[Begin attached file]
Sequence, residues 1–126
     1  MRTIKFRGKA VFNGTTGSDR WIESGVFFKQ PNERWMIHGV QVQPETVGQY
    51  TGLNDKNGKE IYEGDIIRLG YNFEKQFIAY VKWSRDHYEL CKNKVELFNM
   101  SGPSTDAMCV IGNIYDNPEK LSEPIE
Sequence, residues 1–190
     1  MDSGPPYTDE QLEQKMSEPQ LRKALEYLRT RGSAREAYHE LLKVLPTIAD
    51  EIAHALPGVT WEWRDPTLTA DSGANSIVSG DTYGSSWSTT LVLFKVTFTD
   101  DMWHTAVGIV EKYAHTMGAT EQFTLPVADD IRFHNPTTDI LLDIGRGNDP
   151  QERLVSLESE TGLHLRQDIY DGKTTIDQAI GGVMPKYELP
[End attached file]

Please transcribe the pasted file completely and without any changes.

Sequence, residues 1–126
     1  MRTIKFRGKA VFNGTTGSDR WIESGVFFKQ PNERWMIHGV QVQPETVGQY
    51  TGLNDKNGKE IYEGDIIRLG YNFEKQFIAY VKWSRDHYEL CKNKVELFNM
   101  SGPSTDAMCV IGNIYDNPEK LSEPIE
Sequence, residues 1–190
     1  MDSGPPYTDE QLEQKMSEPQ LRKALEYLRT RGSAREAYHE LLKVLPTIAD
    51  EIAHALPGVT WEWRDPTLTA DSGANSIVSG DTYGSSWSTT LVLFKVTFTD
   101  DMWHTAVGIV EKYAHTMGAT EQFTLPVADD IRFHNPTTDI LLDIGRGNDP
   151  QERLVSLESE TGLHLRQDIY DGKTTIDQAI GGVMPKYELP